Introduction: Walnut Record Player Cabinet
A friend commissioned me to build this cabinet for her record player.
Unfortunately I built this around a year ago, so my recollection about the build specifics is a little fuzzy. Also the camera on my phone at the time had some issues with the focus, so parts of the pictures are a little fuzzy, too.
Step 1: Ideas
I sketched four different ideas I had and she picked the first one shown here. It would be two boxes, a large one on bottom made to fit 12" LPs and a smaller one on top made to fit 7" 45s. There would be some spacers in between the boxes to make it look like the top one was floating. The record player would sit on top.
I had her send me the dimensions of the record player and the spot in the room it would be sitting.
Step 2: Walnut
I was fortunate enough to have access to some rough sawn walnut. I had originally planned on making this out of some cabinet grade plywood, but solid wood is even better!
Step 3: Milling
This is just a portion of what I eventually milled. I cut the boards oversized, quite a bit longer than they would eventually need to be to account for the snipe of the thickness planer. I believe the final thickness was 1/2".
This was the worst part because my allergies really do not like walnut sawdust in particular. I just had to take an antihistamine when I started and a shower and a nap when I was done.
Step 4: Glue-Up
I made a quick table saw jig to hold the pieces. This way I could cut one edge nice and straight, then flip the board around and rip the parallel side.
The boards were a bit too thin to use biscuits in, so I had to glue just a couple panels up at a time and use all of my clamps to keep everything aligned.
Step 5: Back Panels
While glue was drying I started on the back panels. I like the look of white with walnut. For convince sake and since it was going to be painted, I used particle board for these. They really soaked up the primer.
Step 6: Cross Cut Sled
I made a simple cross cut sled to trim the glued up panels to their final dimensions.
After this I filled any cracks, knot holes, or worm holes in the wood with epoxy. After that I sanded them all flat and smooth.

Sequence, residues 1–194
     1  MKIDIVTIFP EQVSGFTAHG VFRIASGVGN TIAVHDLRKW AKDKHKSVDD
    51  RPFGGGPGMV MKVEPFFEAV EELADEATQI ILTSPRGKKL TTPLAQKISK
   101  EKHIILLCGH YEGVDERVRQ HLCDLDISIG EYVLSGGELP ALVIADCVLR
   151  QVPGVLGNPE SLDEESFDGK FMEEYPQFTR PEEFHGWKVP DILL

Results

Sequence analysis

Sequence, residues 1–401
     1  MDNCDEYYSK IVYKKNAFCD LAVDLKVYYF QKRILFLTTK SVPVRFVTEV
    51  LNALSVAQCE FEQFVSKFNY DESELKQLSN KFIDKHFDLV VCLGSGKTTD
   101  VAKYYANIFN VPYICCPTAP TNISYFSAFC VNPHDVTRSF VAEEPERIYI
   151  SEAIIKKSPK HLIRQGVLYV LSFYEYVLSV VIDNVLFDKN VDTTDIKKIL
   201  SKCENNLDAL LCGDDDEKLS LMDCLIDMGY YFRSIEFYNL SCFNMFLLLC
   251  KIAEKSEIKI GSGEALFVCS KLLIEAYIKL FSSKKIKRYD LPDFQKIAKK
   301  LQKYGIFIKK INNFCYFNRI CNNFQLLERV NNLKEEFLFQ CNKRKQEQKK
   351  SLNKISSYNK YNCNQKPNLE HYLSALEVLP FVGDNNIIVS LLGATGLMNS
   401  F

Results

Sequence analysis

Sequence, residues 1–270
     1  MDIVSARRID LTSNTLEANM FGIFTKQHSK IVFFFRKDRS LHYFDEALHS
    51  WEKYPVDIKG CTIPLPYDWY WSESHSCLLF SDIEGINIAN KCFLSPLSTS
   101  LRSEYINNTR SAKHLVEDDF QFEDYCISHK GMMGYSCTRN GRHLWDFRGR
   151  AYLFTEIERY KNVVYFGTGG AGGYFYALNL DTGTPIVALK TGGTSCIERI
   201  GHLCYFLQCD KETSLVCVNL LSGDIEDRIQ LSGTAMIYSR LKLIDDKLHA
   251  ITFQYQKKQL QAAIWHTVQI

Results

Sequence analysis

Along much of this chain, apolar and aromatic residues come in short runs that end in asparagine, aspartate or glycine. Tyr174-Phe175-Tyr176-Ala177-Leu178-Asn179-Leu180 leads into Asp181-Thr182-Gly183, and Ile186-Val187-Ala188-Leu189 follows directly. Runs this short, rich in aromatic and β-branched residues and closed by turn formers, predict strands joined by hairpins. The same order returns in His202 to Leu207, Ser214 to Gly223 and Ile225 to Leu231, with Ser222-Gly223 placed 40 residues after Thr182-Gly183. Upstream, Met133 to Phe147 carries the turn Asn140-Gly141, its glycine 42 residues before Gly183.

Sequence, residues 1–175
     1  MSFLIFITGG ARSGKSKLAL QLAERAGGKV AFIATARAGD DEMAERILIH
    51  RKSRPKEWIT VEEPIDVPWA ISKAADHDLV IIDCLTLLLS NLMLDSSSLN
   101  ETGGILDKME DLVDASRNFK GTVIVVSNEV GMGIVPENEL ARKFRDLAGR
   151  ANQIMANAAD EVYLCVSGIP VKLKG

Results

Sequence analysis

Step 7: Assembly
I build everything off of the backs. I had to make sure to cut my sides to their exact dimensions. I didn't get fancy with my corners, just dowel re-enforced butt joints. This let me leave my top and bottom pieces long, and then trim them precisely with a flush-trim bit on my router.
Step 8: Dowels
I really like the look of contrasting dowels. I didn't want them to be too big and noticeable from a distance though, so I just went with 1/8" bamboo skewers. I really like the look of these.
Step 9: Spacers
It was time to add the spacers. I went ahead and sealed the top of the big box and the bottom of the small box, since they would be very hard to get to after this. I glued the rails to the bottom of the small box before sealing it, then screwed it to the big box, since you wouldn't see the screws in the top of the bottom box.
I used a spray lacquer for this for a couple reasons. One was how quickly it dried; I was able to build up a whole bunch of thin coats over the coarse of a day. The second was because it wouldn't tint the white backs amber like a polyurethane would.
Step 10: Legs
I was originally going to go with hairpin legs, but I'm glad I changed my mind to stick with all walnut. I really like how these turned out and I think they are my favorite part of the final cabinet.
Unfortunately I don't remember what the final angles were, I just remember experimenting and making a few test legs out of pine until I got one I really liked.
I used this handy dowel jig to join the two parts with glue and oak dowels.
Step 11: Legs Assembled
I added some adjustable feet since this cabinet would eventually be living in an old house with uneven hardwood floors.
Step 12: Finishing
I screwed the legs in from the inside of the bottom box.
The last thing was to give everything a final sanding then seal the rest of the piece. I went through several cans of spray lacquer building up thin coats. I would sand lightly with 400 grit between coats to remove any raised grain or drip lines. I repeated until I was happy with the finish.
Step 13: Glamor Shots
Had to get some props from inside and take some glamor shots!
I'm really happy with how this turned out! This is probably the most proper woodworking I've done so far.
A delightful side effect of this build was that was supplied me with enough walnut cutoffs to use on small projects for about the next year. Never throw away nice hardwood!
Step 14: New Home
A shot of the cabinet patiently waiting to be picked up, and a shot of it in its new home.
This project was completed on May 18, 2020. View it on Instagram.